12 Digestion The process by which your body breaks down food into small nutrients molecules is called digestion. There are two kinds of digestion – mechanical and chemical. In mechanical digestion, foods are physically broken down into smaller pieces. Example: biting and chewing In chemical digestions, chemicals produces by the body break foods into smaller chemical building blocks.

13 Absorption and Elimination After your food is digested, the molecules are ready to be transported throughout your body. Absorption is the process by which nutrient molecules pass through the wall of your digestive systems into your blood. Materials that are not absorbed are eliminated from the body as waste.

14 The Mouth Both mechanical and chemical digestion begin in the mouth. The fluid released when your mouth waters is known as saliva. Saliva plays an important role in both kinds of digestion. Mechanical digestion begins in the mouth, where the teeth cut and tear food into smaller pieces. Salivary glands release enzymes that begin chemical digestion.

15 The Esophagus There are two openings located at the back of your mouth: your windpipe and esophagus. Your windpipe carries air into your lungs Your food, goes into your esophagus which is a muscular tube that connects your mouth to your stomach. The epiglottis is a small flap of tissue that seals off your windpipe, preventing food from entering. Food remains in the esophagus for only about 10 seconds. It is the contracted down towards your stomach with the smooth muscles that make up your esophagus. This muscle contraction is known as peristalsis.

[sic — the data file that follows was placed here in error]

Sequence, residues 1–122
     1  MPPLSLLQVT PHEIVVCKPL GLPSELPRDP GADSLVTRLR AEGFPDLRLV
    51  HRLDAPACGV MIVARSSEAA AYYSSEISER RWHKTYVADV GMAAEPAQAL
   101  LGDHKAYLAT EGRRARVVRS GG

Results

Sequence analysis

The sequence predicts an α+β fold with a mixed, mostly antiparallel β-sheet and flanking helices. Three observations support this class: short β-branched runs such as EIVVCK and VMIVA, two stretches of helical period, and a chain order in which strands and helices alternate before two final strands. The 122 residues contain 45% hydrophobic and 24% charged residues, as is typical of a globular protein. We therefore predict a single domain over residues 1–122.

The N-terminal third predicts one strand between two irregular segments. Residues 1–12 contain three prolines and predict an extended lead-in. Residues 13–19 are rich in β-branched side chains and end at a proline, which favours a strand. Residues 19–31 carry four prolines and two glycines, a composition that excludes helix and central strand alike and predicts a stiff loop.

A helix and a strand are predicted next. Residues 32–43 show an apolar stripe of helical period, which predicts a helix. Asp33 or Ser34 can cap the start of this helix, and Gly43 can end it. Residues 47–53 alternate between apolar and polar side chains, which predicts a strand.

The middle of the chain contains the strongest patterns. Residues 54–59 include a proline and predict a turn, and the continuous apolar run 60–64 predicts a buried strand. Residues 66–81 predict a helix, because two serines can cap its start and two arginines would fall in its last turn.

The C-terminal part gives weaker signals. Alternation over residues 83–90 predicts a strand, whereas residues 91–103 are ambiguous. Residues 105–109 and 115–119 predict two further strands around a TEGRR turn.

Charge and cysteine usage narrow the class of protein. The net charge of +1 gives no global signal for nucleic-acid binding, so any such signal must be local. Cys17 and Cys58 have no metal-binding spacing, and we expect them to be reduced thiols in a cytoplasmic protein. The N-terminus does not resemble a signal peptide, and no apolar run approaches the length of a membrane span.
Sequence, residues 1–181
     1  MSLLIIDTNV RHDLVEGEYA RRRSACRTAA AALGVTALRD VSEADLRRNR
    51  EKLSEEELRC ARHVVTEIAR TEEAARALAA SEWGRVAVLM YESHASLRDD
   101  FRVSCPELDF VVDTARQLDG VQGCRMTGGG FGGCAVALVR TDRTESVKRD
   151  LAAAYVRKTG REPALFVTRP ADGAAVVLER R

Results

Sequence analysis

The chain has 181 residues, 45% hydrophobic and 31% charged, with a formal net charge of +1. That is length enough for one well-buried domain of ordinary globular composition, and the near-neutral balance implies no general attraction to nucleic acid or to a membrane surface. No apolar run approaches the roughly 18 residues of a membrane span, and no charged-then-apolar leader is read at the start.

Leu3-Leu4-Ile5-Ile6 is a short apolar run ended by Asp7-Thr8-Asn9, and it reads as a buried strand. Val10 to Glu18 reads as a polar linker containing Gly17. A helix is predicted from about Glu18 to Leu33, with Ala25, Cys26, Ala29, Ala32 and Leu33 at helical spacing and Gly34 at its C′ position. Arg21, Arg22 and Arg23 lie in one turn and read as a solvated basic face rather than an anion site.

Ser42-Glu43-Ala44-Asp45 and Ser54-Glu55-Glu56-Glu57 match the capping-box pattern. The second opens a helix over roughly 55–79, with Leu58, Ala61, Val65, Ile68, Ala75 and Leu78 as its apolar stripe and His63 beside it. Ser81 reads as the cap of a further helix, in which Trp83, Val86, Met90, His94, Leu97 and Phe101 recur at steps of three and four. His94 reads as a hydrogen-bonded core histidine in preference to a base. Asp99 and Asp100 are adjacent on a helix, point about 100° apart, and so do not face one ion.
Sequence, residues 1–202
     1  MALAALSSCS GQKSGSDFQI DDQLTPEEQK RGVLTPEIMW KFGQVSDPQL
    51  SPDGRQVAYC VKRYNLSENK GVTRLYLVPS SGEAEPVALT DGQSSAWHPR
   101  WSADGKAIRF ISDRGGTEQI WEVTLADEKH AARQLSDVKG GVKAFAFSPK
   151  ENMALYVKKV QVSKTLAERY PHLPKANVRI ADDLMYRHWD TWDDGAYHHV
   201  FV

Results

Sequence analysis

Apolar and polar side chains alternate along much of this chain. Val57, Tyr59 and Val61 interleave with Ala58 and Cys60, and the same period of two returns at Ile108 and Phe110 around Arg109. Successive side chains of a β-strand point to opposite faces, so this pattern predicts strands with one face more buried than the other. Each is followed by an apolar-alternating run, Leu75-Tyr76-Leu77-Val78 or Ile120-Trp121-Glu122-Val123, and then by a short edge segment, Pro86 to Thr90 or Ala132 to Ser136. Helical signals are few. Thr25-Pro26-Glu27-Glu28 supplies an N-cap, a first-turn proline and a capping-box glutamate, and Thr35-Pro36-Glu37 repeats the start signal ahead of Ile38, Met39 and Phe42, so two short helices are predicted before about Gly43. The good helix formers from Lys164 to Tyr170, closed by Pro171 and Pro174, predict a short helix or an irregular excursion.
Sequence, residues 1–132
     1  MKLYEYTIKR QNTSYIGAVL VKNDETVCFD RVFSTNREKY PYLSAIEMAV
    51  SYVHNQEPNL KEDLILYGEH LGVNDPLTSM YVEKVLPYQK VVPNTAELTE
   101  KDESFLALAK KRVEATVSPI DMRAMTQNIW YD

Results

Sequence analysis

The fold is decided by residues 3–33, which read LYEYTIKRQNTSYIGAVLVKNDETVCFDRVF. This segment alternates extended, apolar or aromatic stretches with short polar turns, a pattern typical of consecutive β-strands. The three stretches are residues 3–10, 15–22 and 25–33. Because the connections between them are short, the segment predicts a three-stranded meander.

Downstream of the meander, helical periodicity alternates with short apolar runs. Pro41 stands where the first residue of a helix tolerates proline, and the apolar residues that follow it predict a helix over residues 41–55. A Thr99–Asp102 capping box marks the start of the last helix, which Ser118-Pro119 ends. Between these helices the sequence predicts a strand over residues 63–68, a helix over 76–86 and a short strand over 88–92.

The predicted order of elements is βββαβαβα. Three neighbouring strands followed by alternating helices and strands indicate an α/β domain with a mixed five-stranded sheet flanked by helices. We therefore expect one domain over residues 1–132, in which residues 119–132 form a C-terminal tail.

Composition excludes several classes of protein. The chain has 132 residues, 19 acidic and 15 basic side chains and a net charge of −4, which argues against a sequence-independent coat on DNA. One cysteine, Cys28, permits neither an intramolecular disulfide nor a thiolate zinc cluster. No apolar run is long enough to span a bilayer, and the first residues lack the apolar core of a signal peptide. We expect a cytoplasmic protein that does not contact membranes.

16 The Stomach Most mechanical digestion and some chemical digestion occurs in the stomach. The process of mechanical digestion occurs as three strong layers of smooth muscles contract to produce a churning motion. Chemical digestion occurs as the churning food makes contact with digestive juice, a fluid produced by cells in the lining of the stomach. Digestive juice contains the enzyme pepsin – which chemically digests proteins in your food, breaking them down into short chains of amino acids. Digestive juice also contains hydrochloric acid, a very strong acid. Without this acid your stomach could not function properly.

17 Food remains in the stomach until all off the solid material has been broken down into liquid form. A few hours later, the stomach completes mechanical digestion and moves onto the next part of your digestive tract.

18 Lesson 4 – Final Digestion and Absorption

19 The Small Intestine & Liver After the thick liquid leaves the stomach, it enters the small intestine. The small intestine is the part of the digestive system where mot chemical digestion takes place. Almost all chemical digestions and absorption of nutrients takes place in the small intestine. The liver is located in the upper right portion of the abdomen and is the largest organ inside the body. The role of the liver in the digestive system is to produce bile. Bile is a substance that breaks up fat particles and flows into the gallbladder.

20 The Gallbladder & Pancreas The gallbladder is an organ that stores bile. Bile is not an enzyme and does not chemically break up food. It does however, physically break up large fat particles into smaller fat droplets. The pancreas is a triangular organ that lies between the stomach and the first part of the small intestine. As part of the digestive system, the pancreas produces enzymes that flow into the small intestine and help break down starches, proteins, and fats.

21 The Large Intestine The remaining materials move from the small intestine into the large intestine. The large intestine is the last section of the digestive system. The material entering the large intestine contains water and undigested food. As the materials move through the large intestine, water is absorbed into the bloodstream. The remaining material is readied for elimination from the body.